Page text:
This paper highlights that future planning to provide more efficient services and increased uptake of HIV care and treatment needs to be highly sensitive to the ongoing issue of disclosure and stigma. Integrated services may provide a way to address this by providing all the services (such as immunisation and HIV care) in one session. In this way, other patients or mothers are not aware who is receiving HIV care. As the authors note though, this has implications for resource allocation.

United Republic of Tanzania
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The importance of continued infant prophylaxis against HIV-1 transmission throughout breastfeeding

Efficacy and safety of an extended nevirapine regimen in infants of breastfeeding mothers with HIV-1 infection for prevention of HIV-1 transmission (HPTN 046): 18-month results of a randomized, double-blind, placebo-controlled trial.

Fowler MG, Coovadia H, Herron CM, Maldonado Y, Chipato T, Moodley D, Musoke P, Aizire J, Manji K, Stranix-Chibanda L, Fawzi W, Chetty V, Msweli L, Kisenge R, Brown E, Mwatha A, Eshleman SH, Richardson P, Allen M, George K, Andrew P, Zwerski S, Mofenson LM, Jackson JB; for the HPTN 046 Protocol Team. J Acquir Immune Defic Syndr. 2013 Nov 1. [Epub ahead of print]

Background: HPTN 046 compared the efficacy and safety of infant nevirapine (NVP) among HIV-exposed breastfed infants randomized at 6 weeks to 6 months to NVP or placebo to prevent postnatal infection: we report final 18 month outcomes.

Methods: Randomized, placebo-controlled trial in four African countries. Infant diagnostic HIV testing was done regularly from birth, through 18 months. Kaplan-Meier analysis was used to assess 18 month cumulative infant HIV infection, HIV infection/or death and mortality rates.

Results: Between 6 weeks and 6 months, postnatal HIV infection rates were significantly lower, among infants receiving daily NVP from 6 weeks to 6 months 1.1% (95% CI 0.2-1.8%), compared to placebo: 2.4% (95% CI 1.3-2.6%), p=0.049; but not significantly lower thereafter. Eighteen month postnatal infection rates were low: 2.2% [95% CI 1.1-3.3%] versus 3.1% [95% CI 1.9-4.4%], respectively, p=0.28. Mortality and HIV infection/death did not differ between arms at any age. Infants of women receiving antiretroviral therapy (ART) for their own health had the lowest 18 month postnatal infection rates (0.5%, 95% CI 0.0-1.1%). However, HIV infection/death rates at 18 months were not significantly different for infants of mothers on ART (3.7%, 95% CI 1.9-5.5%); and infants of mothers with CD4 >350/mm not receiving ART (4.8%, 95% CI 2.7-6.8%), (p=0.46). There were no differences in adverse events between study arms.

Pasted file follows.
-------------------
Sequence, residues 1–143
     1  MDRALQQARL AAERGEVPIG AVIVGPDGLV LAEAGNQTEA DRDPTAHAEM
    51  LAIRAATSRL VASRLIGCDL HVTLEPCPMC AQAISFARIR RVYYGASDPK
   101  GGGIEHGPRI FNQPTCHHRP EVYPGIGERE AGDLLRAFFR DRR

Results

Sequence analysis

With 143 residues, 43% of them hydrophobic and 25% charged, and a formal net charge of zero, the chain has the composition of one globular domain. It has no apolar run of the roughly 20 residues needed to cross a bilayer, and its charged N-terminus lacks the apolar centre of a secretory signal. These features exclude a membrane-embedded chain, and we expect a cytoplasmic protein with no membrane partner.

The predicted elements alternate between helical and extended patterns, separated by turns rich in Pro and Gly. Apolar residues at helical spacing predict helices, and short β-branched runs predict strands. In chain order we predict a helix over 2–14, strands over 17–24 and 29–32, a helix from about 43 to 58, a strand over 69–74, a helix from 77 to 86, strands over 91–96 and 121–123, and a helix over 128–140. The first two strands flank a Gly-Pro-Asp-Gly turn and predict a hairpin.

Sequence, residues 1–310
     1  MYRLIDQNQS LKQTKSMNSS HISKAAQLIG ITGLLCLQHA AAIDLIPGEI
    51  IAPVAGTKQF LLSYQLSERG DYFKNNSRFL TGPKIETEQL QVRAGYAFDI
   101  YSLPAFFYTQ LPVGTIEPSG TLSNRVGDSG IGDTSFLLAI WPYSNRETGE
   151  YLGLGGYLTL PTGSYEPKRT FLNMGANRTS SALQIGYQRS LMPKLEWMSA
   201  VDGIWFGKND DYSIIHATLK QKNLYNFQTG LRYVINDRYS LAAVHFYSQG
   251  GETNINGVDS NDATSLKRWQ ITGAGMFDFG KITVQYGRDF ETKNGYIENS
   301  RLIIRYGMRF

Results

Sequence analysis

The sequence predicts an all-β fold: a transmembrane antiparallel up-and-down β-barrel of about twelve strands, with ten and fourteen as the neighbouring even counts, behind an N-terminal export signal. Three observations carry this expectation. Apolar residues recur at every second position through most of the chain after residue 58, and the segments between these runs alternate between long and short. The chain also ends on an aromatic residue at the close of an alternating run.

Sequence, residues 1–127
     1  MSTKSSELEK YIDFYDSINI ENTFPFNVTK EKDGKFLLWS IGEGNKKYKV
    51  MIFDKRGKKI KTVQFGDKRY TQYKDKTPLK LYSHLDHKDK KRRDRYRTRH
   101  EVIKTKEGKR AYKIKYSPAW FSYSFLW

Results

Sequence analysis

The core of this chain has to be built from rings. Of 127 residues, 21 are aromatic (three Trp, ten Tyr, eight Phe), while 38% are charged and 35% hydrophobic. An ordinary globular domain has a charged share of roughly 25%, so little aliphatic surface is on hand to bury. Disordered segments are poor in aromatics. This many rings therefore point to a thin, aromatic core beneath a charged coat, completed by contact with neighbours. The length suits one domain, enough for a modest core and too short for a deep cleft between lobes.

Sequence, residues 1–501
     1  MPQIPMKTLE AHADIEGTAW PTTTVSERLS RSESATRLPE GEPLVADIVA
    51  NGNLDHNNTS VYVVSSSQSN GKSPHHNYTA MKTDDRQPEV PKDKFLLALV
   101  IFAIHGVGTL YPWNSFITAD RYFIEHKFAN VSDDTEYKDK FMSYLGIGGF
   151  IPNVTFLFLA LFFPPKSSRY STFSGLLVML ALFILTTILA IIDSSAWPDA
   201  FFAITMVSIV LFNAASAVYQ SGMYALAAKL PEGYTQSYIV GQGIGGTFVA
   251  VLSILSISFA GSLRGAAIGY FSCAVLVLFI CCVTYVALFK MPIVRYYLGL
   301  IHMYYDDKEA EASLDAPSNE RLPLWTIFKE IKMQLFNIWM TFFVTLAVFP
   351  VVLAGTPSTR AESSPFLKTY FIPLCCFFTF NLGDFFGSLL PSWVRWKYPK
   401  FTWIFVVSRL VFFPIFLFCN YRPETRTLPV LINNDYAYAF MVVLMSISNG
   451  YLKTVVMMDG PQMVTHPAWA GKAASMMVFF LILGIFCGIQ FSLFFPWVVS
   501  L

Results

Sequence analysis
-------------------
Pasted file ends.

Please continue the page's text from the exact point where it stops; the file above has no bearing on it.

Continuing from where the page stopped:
Conclusion: This trial demonstrated early but not late differences in postnatal HIV transmission among infants randomized at age six weeks to extended NVP or placebo, underscoring the importance of continued prophylaxis throughout breastfeeding.

Abstract access 

Editor’s notes: Despite increased coverage of antiretroviral treatment for pregnant women living with HIV, approximately 230 000 children are newly infected with HIV each year. The HPTN046 trial was designed to test the efficacy and safety of extended once daily infant nevirapine (NVP) prophylaxis to six months, among breastfed, HIV exposed infants who had received 6 weeks of NVP and were uninfected at age 6 weeks.  The trial was implemented at a time when breastfeeding was recommended to stop by 6 months for HIV exposed infants. This paper reports final HIV transmission, infant HIV-free survival and overall infant survival through to 18 months of age. Disappointingly, there was little evidence of a difference in postnatal HIV transmission rates between study arms (cumulative 18 month HIV-free survival rate of 94.5% in the NVP arm versus 93.3% in the placebo arm; p=0.32) and similar infant survival rates (95.3% versus 95.9%; p=0.72). The results of the 6 month follow-up, and the low transmission rate among infants whose mothers were on ART throughout 18 month follow-up emphasize the importance of ART provision to mothers who require it for their own health, and infant prophylaxis during the breastfeeding period (now recommended as 12 months). 

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Congenital CMV infection in Zambia – further population-based studies needed

High rates of congenital cytomegalovirus (CMV) infections linked with maternal HIV infection among neonatal admissions at a large referral centre in sub-Saharan Africa.

Mwaanza N, Chilukutu L, Tembo J, Kabwe M, Musonda K, Kapasa M, Chabala C, Sinyangwe S, Mwaba P, Zumla A, Bates M. Clin Infect Dis. 2013 Nov 21. [Epub ahead of print]

Congenital cytomegalovirus (CMV) infection is the major infectious cause of birth defects and hearing loss globally. There is a growing recognition of the potential clinical impact of congenital CMV infections in high seroprevalence settings.

Methods: A cross-sectional study of neonatal admissions at a large referral centre in sub-Saharan Africa to determine the prevalence of both symptomatic and asymptomatic congenital CMV infection. Real Time PCR was used to screen DNA-extracted from sera, urine and saliva, and an ELISA assay was used to screen sera for anti-CMV IgM. Multivariate binary logistic regression was used to identify risk factors associated with increased odds of congenital CMV infection.